It is funny how many people assume that, after Horse of the Year Show (HOYS), showing people settle in for a winter of holidays and no horses. If I had a fiver for every time someone said, “I expect all your horses are roughed off now,” I’d be very happy.
A holiday would be welcome, but we’re still busy. Like many yards, we don’t come to a halt after HOYS; we change gear. The established horses go on a “ticking over” regime, hacking out and having fun, and the youngsters come in for backing or schooling. Those who made their debut this season are also fun to work with, as we look at improving their education and performance.
One of my team said recently what a lovely time of year this is. She’s right: it’s great to see horses’ potential as they learn to jump and are perhaps introduced to a side saddle. I’m hoping I’ll even have time for some days’ hunting — yes, we do hunt some of the show horses, especially the workers, when the going is good enough.
As any rider knows, you’re only as good as your team, whether that’s in a professional set-up or as an amateur relying on friends and family. I’m so proud that my head girl, Jo Jack, was voted professional groom of the year at the Showing Council and Showing World awards this month. Jo’s been with me for 10 years and is part of the family as well as being someone I can trust and rely on.
In some ways, I’m glad this season is over. It’s been a difficult one, marred by the controversy over whether riders in hunter classes should have to wear hats with three-point harnesses.
Sport Horse Breeding of Great Britain (SHB (GB)) made safety hats compulsory, but HOYS wanted competitors to have freedom of choice and moved its hunter qualifiers and final under the British Show Horse Association’s (BSHA) umbrella. Inevitably, SHB(GB) lost members who had joined purely to show, which affected its revenue.
We have no choice but to move on, but I hope those who think of SHB(GB) only as a showing society will remember that it is much more. For the future of the sport horse and the show hunter, please support it.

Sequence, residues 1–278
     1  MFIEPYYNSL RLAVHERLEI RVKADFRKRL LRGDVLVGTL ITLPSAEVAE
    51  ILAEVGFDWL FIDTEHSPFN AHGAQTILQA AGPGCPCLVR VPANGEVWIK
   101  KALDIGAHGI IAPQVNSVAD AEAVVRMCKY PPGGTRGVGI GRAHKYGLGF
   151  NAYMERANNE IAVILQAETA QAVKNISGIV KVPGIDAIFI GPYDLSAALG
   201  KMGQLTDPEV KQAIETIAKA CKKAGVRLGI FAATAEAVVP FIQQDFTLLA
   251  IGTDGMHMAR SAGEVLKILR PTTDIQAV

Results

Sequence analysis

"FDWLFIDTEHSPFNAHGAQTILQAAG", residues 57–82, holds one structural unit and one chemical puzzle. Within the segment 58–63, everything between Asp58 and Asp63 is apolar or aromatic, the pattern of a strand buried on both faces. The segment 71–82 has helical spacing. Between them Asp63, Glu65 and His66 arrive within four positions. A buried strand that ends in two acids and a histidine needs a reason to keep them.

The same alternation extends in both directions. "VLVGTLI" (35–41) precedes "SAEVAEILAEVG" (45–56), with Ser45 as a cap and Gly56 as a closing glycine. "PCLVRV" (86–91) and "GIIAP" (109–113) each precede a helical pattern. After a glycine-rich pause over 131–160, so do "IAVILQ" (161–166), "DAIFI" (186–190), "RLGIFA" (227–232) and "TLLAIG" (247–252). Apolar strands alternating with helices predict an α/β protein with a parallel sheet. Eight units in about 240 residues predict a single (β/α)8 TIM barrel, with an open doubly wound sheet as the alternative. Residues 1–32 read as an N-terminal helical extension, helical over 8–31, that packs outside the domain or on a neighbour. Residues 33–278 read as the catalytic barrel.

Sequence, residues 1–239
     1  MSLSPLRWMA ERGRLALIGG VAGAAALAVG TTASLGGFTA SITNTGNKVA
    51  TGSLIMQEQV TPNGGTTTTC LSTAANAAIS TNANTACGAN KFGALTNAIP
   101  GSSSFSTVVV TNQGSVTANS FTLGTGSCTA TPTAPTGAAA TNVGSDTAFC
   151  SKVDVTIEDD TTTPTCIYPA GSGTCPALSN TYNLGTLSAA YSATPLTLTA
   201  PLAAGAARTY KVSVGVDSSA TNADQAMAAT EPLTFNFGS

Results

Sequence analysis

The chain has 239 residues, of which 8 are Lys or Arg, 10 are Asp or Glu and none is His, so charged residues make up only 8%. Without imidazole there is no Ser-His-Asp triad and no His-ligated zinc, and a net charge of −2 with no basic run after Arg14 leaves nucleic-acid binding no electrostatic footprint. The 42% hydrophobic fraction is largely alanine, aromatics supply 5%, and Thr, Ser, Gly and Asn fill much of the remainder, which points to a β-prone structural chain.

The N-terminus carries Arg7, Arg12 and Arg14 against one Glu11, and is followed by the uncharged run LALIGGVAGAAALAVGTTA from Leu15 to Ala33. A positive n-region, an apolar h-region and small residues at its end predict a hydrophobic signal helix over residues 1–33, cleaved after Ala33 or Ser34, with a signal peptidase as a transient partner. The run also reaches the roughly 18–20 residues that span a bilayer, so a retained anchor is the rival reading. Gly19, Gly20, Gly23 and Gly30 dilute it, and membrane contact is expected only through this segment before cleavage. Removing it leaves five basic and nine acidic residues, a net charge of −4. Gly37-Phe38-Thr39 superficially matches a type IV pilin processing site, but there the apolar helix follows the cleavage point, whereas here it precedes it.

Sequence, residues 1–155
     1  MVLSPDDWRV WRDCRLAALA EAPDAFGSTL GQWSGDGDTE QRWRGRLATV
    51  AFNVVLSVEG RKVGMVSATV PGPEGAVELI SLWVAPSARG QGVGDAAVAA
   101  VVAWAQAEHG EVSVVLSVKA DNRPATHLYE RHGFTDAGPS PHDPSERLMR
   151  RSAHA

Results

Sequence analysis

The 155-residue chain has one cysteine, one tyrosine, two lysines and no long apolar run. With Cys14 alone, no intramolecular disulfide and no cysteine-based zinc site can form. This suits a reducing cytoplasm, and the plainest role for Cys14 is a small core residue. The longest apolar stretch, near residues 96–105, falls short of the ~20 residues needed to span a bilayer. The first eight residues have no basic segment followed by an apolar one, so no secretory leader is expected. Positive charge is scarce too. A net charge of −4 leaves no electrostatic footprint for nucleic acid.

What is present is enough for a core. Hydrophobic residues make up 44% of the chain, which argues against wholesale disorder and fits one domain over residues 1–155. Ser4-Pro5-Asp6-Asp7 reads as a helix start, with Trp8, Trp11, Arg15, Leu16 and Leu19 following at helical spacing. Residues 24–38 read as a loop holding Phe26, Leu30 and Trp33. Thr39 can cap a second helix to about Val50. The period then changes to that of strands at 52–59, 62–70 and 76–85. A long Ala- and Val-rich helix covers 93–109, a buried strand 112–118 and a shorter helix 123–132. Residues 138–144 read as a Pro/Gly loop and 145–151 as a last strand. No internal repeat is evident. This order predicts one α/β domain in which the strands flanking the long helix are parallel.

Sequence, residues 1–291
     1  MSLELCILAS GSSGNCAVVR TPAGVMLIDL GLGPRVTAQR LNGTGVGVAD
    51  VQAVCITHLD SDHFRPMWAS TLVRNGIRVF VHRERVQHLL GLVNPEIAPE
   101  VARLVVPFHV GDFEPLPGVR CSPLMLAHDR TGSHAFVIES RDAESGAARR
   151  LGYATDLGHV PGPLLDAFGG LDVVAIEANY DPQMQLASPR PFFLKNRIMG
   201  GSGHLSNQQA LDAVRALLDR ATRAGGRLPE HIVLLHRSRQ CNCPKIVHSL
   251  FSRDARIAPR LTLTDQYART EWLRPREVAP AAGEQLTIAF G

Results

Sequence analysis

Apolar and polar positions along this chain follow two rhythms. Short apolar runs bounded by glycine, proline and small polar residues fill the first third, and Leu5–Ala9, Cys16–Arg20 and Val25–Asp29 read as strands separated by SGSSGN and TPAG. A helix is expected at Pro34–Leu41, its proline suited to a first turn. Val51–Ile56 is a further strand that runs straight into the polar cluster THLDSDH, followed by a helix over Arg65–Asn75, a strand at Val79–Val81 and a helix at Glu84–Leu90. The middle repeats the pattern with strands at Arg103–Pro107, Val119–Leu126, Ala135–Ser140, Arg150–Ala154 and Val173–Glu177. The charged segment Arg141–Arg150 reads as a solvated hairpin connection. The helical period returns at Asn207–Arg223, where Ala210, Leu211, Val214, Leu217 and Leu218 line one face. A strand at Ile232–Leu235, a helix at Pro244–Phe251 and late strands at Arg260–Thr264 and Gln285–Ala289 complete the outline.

In all fairness, the BSHA made a good job of the hunter classes at HOYS. The society goes into 2015 with a new sponsor for the ladies’ show horse championship at its national championships show.
Thanks to Total Impact Equestrian for taking that on — and, of course, thank you to iPura for sponsoring it for its first two years. There is a £200 first prize for the eventual champion, but that will be the icing on the cake rather than the main attraction.
Protect ladies’ hunters
Interest in side saddle riding is growing — if the number of requests I get for lessons is anything to go by. But while I’m pleased to see so much interest and to see ladies riding and competing side saddle on so many types of horses and ponies, including cobs and mountain and moorlands, we must protect our ladies’ hunters as a specific category.
I’ve heard a few predictions that eventually ladies’ hunters will be just part of the broader picture of “ladies’” horses rather than remaining as a valuable section within hunter classes. I really hope they’re wrong.
At the same time, I’ve always wanted HOYS to add a class for hacks and riding horses ridden side saddle: these types have a head start in elegance. I’m sure qualifying classes would attract plenty of entries and would also be a crowd-pleaser.
There is an intriguing class in store for next year’s National Pony Society (NPS) summer championships. Held on hack, cob and hunter day, the free-to-enter class is for those of 50 years and over who have not ridden in the ring for the past 10 years, though ride judges are obviously not eligible.
It’s a fun initiative designed to encourage adults who — to quote the NPS — “are really good at telling young riders how to do it from the ringside” to take part in a class. Parents need to get in training now!
Seriously, it can only be a good thing. It’s easy to stand on the outside and criticise judges/riders/horses, and some people forget — or maybe don’t appreciate — that it’s very different when you’re in the ring.
The old proverb says that before you criticise a man, you should walk a mile in his shoes, so maybe it’s fair to say that before you criticise a rider, you should ride a class in his or her boots.
I hope H&H readers have a great winter. It won’t be long until the 2015 season, so start planning now.
This article was first published in Horse & Hound magazine (20 November 2014)
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